Interest rates may be cut again, new Reserve Bank governor says

Philip Lowe voices unease about Australia’s housing affordability crisis and says he’d like to see banks regain trust

The new Reserve Bank of Australia governor, Philip Lowe, says the official cash rate may be cut again, despite it sitting at a record low already.

Lowe also spoke about the housing affordability crisis, saying it was not in society’s interest for prices to keep rising much faster than incomes, as has taken place over the past decade in most Australian capitals.

He also said he would like Australia’s banking industry to regain its reputation of being a strong service profession, where staff behaved in ways that benefited clients, and where banks were trusted and considered custodians.

Speaking at a parliamentary hearing on Thursday, Lowe said it was possible that interest rates could be cut again in Australia, from a record low 1.5% to an even lower 1.25%. He said financial markets were factoring in a 50% probability of another rate cut.

“That’s possible, it’s going to depend on a whole range of factors, like what happens overseas, what the next inflation data look like, how the labour market’s performing, how the housing market’s performing,” he said.

“Certainly there are scenarios where rates would fall again, there are scenarios where they wouldn’t need to fall again.”

It was the first time Lowe had appeared publicly since becoming RBA governor. He replaced Glenn Stevens on Sunday.

Lowe told the House of Representatives economics committee that he wanted banks to regain their reputation for being deeply trusted organisations. He said bank bosses should structure their remuneration for staff to encourage behaviour that benefited clients as well as banks.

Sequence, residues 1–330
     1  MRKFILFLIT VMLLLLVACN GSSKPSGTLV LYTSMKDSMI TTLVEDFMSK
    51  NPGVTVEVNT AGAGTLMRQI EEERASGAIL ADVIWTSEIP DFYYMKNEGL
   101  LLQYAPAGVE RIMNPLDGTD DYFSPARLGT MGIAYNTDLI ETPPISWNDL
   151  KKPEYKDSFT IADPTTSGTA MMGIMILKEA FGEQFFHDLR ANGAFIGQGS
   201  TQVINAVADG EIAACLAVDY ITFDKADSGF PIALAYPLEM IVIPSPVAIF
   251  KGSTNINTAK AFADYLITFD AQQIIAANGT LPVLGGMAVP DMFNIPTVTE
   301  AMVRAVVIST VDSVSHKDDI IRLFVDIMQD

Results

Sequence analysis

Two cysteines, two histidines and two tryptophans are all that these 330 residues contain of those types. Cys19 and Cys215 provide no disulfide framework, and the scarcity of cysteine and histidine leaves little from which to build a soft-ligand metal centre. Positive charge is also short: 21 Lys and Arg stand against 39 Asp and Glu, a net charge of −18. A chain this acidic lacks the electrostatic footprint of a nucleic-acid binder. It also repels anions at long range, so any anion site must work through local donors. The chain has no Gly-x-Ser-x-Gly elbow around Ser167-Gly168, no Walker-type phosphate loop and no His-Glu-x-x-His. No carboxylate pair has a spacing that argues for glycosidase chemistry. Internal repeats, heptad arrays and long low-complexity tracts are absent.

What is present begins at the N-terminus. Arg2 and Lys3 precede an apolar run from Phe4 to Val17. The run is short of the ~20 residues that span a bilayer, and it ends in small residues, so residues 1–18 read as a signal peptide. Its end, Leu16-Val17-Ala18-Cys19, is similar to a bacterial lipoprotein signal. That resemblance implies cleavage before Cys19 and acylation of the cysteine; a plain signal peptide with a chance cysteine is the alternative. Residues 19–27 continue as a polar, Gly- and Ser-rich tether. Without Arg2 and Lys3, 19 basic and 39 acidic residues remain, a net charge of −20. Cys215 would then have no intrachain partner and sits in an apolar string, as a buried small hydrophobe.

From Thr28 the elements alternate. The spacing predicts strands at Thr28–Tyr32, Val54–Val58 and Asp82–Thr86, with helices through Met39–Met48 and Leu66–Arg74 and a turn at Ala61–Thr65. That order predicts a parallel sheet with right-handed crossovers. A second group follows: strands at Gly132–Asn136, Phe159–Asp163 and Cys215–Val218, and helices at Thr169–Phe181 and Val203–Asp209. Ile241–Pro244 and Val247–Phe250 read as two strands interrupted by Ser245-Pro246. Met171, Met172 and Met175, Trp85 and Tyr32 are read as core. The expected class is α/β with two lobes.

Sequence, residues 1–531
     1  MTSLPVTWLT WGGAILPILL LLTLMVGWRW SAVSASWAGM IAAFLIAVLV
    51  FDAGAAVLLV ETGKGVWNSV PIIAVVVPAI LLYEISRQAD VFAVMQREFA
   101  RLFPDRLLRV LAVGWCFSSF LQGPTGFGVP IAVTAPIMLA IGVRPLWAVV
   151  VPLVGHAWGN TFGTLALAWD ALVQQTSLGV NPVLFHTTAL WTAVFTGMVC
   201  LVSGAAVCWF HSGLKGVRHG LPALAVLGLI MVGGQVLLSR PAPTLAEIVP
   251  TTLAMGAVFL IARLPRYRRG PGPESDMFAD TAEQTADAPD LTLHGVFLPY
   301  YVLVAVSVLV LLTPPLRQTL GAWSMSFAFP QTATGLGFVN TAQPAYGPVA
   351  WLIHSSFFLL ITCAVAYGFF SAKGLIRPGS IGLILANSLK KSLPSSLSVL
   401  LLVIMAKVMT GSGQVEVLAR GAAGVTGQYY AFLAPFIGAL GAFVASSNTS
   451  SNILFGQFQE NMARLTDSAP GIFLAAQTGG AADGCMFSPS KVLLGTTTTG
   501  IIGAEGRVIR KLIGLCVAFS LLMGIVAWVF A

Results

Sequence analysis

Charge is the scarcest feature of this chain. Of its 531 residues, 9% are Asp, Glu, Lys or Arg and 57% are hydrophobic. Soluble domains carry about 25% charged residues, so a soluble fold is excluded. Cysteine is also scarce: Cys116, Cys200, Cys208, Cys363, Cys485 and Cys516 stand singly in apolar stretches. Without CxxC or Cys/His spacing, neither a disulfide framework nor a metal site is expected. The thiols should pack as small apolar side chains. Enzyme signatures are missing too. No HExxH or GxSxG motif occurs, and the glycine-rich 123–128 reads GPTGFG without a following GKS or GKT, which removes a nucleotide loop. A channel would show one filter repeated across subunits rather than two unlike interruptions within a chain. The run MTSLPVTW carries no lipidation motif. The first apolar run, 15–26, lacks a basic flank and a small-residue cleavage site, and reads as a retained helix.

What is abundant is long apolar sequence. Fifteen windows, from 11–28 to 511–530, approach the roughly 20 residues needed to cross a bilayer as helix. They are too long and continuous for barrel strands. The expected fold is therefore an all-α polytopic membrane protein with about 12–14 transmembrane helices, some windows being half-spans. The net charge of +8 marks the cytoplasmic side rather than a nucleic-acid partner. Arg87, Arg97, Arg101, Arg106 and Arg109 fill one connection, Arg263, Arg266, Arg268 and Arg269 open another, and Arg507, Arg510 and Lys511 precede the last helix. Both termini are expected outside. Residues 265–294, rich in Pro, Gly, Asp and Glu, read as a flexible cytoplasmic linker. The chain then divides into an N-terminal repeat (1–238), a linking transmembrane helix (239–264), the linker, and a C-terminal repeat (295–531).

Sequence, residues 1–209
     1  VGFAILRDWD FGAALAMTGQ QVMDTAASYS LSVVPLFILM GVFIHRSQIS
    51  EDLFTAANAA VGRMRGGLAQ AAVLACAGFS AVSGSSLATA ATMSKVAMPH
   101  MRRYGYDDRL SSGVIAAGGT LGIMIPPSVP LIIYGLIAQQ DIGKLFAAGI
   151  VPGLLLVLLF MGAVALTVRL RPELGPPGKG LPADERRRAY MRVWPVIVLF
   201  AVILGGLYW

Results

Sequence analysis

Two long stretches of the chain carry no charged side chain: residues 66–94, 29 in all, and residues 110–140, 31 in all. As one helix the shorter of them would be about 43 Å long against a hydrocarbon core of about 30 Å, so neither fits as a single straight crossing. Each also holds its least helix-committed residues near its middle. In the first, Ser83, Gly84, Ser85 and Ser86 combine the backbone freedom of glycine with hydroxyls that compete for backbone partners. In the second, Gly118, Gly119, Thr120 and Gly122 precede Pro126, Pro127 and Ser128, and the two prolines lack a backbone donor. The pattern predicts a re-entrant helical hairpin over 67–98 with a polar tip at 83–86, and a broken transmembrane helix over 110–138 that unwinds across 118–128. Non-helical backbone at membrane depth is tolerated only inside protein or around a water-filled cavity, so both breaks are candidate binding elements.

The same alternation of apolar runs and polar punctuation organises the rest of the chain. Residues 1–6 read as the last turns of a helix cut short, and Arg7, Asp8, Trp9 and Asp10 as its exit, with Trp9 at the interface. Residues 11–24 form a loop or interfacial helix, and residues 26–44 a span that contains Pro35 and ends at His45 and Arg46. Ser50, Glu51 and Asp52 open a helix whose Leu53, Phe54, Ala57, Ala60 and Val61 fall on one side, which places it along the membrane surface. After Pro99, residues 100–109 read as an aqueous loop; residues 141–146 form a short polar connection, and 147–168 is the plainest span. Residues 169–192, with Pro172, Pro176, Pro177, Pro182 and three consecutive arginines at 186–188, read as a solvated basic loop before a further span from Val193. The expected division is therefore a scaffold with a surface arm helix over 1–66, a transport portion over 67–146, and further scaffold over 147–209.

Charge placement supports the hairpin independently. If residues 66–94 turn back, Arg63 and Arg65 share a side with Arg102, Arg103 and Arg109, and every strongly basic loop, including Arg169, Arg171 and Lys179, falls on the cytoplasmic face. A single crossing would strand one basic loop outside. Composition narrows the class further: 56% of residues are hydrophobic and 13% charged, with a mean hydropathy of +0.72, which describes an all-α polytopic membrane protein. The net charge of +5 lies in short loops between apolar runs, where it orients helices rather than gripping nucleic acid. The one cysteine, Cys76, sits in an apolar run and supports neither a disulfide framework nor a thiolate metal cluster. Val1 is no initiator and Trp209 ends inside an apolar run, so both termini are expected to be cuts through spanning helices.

“There have been too many examples of poor outcomes, particularly in wealth management and insurance industries, it’s disappointing to us all,” he said. “I think it comes down to incentives within the organisations, and that’s largely remuneration structures, and that’s the responsibility of management.

“What I would like to see is really kind of, banking return to be seen as a strong service profession, I don’t know how far away from that we are.

“Banking historically has been a profession, a profession of stewardship, custodians, service, advisory, and counsellor. It’s not a marketing or product distribution business.”

Lowe said he would like to see more people to sign up to the banking and finance oath.

On house prices, Lowe said it was not in society’s interest for prices to keep rising a lot faster than incomes, because it progressively corroded the health of our balance sheets. “As a father of three children, I worry about that because people are paying so much for their housing,” he said.

“[But] the solution to that, and I’m going to sound like a broken record here, is housing supply, and investment in transportation infrastructure. We pay a lot for our houses ... the value of our land relative to income is incredibly high.

“Why is that? Because we all want to live in these fantastic cities close to the coast and we haven’t invested enough in transport, so the locational value of land is really high, and that’s the underpinning factor to high house prices.”

He also said it was unlikely that the RBA would need to use highly unconventional monetary policy to encourage growth.

But he said monetary policy had stopped working globally because governments and businesses did not want to use low interest rates to increase their spending.

He urged private businesses or governments to use low interest rates to invest, using their balance sheets to facilitate infrastructure spending.


Gareth Hutchens

The GuardianTramp

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